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AP

The reversal of the resting membrane potential such that the inside of the cell becomes more positive

1

This reversal is due to changes in membrane permeability

At RMP the membrane is more permeable to K+ than it is to Na+
To generate an AP the membrane becomes more permeable to Na+
To end the AP (so a new one can be generated) the membrane again becomes more permeable to K+

2

Permeability changes are due to

The opening of protien ion channels in the membrane

3

Chemically gated ion channels

Open or close when a chemical binds to a protien receptor that is part of the ion channel

Ex: Ach (Acetylcholine) is a neurotransmitter that causes Na+ channels to open

4

Voltage gated ion channel

Open or close in response to voltage changes
(membrane becoming more positive or negative)

5

Both channel types are

Highly specific for what ion is allowed to pass through

6

The ion will move into or out of the cell based on

It's concentration gradient (always down)

7

In nerve and skeletal tissue

An excitatory stimulus (chemical binding or voltage change) will cause Na+ channels to open

Occurs at RMP, the cell is polarized

8

Depolarization

Na+ will Move down its concentration gradient into the cell (Na+ influx)
Na+ brings its positive charge with it, creating intracellular positivity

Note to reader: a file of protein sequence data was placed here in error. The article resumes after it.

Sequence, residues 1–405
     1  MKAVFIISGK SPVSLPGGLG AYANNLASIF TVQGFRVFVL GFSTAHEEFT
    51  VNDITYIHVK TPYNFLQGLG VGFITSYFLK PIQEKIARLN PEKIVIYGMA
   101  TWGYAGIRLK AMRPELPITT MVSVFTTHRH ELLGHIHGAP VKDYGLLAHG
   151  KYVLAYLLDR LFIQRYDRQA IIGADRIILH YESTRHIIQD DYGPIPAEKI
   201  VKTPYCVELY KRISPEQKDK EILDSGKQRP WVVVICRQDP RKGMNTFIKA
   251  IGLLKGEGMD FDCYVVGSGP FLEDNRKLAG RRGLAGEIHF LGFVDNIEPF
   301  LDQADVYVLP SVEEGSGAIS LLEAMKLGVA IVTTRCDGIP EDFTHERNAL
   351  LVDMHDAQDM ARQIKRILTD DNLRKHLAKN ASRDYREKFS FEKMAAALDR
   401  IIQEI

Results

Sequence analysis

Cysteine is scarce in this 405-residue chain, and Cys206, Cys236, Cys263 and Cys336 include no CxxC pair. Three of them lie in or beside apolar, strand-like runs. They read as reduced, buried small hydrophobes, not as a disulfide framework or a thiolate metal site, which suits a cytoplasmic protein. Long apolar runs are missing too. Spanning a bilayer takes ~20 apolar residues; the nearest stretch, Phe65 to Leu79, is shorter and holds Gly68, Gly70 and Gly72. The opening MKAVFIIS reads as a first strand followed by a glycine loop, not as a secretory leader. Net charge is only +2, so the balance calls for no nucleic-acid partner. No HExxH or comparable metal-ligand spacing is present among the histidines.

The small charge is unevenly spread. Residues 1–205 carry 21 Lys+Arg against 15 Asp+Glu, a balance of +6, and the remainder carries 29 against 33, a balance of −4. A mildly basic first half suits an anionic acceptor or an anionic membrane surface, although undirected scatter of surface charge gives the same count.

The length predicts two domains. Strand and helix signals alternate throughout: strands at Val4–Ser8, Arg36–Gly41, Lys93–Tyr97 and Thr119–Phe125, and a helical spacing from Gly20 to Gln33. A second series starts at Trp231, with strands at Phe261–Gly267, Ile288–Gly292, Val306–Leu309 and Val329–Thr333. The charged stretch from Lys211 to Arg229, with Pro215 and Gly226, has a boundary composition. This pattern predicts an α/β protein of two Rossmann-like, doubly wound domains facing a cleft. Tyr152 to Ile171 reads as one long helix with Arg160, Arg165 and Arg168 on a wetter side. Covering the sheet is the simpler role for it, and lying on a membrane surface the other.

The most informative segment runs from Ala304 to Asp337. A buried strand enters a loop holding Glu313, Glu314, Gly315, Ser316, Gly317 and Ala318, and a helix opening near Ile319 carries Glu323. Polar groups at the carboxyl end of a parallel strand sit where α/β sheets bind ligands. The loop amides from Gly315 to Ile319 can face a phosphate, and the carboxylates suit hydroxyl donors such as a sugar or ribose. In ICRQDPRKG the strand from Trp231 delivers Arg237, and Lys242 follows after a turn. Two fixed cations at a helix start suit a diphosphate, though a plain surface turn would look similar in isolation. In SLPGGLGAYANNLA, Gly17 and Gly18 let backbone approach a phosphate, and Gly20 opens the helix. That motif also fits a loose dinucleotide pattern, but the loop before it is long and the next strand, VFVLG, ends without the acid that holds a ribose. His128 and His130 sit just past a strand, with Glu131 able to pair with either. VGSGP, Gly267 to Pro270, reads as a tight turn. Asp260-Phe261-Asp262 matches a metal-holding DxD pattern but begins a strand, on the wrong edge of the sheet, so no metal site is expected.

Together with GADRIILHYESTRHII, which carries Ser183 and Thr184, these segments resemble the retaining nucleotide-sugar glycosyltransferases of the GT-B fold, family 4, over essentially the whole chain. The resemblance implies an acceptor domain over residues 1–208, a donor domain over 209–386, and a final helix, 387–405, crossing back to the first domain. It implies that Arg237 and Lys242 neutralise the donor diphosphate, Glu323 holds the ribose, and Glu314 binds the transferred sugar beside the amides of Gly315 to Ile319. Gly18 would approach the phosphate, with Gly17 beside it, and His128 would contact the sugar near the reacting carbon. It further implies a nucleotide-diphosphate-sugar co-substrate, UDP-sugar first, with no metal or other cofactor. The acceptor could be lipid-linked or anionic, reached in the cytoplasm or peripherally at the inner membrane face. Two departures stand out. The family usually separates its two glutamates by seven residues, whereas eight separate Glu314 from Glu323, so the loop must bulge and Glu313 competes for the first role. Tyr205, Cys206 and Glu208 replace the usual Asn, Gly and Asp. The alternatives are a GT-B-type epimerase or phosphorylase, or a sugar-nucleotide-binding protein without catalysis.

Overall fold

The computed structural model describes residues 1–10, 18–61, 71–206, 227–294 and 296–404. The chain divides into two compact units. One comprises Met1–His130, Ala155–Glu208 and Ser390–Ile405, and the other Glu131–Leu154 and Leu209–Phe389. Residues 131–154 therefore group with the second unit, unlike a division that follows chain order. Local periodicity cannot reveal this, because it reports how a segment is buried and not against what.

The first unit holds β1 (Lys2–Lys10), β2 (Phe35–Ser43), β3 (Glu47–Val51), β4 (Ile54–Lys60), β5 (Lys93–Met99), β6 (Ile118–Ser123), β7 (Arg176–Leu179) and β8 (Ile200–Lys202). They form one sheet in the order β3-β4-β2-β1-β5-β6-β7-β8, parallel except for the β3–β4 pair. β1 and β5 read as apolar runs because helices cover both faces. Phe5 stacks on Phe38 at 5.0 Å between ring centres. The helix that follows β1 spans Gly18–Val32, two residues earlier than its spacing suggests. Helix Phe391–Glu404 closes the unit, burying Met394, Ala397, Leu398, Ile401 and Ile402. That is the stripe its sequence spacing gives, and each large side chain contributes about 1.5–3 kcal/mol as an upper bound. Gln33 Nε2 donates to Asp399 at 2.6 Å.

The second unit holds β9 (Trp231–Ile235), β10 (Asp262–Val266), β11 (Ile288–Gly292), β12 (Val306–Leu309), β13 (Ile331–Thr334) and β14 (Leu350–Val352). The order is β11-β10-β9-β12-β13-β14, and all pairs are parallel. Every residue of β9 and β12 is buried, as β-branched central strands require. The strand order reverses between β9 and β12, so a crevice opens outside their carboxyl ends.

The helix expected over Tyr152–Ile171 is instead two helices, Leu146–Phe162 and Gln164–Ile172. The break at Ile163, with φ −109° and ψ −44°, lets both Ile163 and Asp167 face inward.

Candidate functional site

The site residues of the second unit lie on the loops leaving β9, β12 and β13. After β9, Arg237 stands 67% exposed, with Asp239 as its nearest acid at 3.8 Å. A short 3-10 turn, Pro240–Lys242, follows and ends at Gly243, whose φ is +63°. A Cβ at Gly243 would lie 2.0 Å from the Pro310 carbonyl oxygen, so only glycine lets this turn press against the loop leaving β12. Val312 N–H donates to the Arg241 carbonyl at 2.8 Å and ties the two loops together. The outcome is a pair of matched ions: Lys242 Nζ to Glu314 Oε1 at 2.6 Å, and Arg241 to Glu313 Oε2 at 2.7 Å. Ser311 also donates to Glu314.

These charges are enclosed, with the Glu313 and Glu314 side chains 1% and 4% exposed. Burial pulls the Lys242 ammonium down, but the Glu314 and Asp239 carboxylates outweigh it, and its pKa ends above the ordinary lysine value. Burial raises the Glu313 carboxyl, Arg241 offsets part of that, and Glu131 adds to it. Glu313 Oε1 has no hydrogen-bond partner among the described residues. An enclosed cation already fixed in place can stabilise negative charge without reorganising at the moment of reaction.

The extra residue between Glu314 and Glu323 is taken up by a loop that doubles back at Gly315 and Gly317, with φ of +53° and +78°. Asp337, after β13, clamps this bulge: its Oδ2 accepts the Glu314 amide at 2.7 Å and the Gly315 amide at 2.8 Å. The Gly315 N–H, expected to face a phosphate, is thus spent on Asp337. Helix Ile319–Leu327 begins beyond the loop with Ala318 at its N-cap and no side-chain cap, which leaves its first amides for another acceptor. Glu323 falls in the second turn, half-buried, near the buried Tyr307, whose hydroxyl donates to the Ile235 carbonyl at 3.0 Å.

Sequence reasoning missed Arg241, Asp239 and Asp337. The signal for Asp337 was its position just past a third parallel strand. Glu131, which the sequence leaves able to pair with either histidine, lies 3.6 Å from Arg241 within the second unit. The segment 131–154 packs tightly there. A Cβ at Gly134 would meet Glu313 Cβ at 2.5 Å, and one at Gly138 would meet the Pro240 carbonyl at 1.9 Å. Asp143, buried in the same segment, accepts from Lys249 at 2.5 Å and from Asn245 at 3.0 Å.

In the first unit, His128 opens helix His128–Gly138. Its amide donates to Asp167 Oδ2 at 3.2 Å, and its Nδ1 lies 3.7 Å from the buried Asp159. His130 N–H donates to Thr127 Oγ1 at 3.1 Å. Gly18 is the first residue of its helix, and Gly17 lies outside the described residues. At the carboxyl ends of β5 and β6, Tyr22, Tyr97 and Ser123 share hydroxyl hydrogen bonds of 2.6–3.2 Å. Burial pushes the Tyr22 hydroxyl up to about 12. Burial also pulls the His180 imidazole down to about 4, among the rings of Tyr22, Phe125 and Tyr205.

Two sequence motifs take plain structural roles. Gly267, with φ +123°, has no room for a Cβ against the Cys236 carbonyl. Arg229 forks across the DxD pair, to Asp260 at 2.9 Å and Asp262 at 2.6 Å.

When Na+ channels close influx stops

9

At about the same time that Na+ channels close

K+ channels open

10

Repolarization

K+ will move down its concentration gradient out of the cell (K+ eflux)
K+ takes its positive charge with it creating intracellular negativity

11

Hyperpolarization

A brief period when excess K+ leaves the cell and the membrane temporarily becomes more negative than it was at rest

12

AP trace

Represents the voltage across the cell membrane
Measured by comparing the charge of the ICF to the ECF

Technique is called "patch clamping"
Branch of science is called "electrophysiology"

13

Full AP

1. Cell is at RMP, then receives an excitatory stimulus
2. Voltage opens some Na+ channels; allowing Na+ influx and the cell gradually becomes more positive/less negative
3. Voltage allows many Na+ channels to open; allowing an increase in Na+ influx creating a steep incline (spike potential)
4. Na+ channels close and K+ channels open, allowing K+ eflux; the cell becomes more negative/less positive
5. Excess K+ eflux
6. The Na+/K+ pump begins to actively pull K+ back into the cell to restore RMP

14

Excitation Contraction Coupling

1. Na+ influx through the voltage gated channels on the motor neuron initiates an AP
2. The AP cause Ca+2 influx through voltage gated channels in the terminal end of the motor neuron
3. Ca+2 causes vesicles filled with Ach to fuse to the plasma membrane of the motor neuron. Ach is released by exocytosis into the Neuromuscular Junction (NmJ)
4. Ach binds to its receptor on the sarcolemma
5. Ach binding cause chemically gated Na+ channels to open; Na+ influx; depolarization of the sarcolemma and AP production
6. The AP travels down the T Tubule
7. Voltage causes Ca+2 release from the lateral sacs. Ca+2 binds to TnC after diffusing in the sarcomere and the sliding filament theory takes place
8. The AP originally generated at 5 also travels across the sarcolemma causing voltage gated ion channels to open. AP are generated that travel down distal T Tubules can all the events of 7 take place.
9. To end AP generation on the muscle a chemical called Ach-esterase in the NmJ breaks down and deactivates the Ach

15

Muscle contraction is the summation of

Many APs (all phases)

16

There are _______ chemically and voltage gated channels on the sarcolemma.

Many

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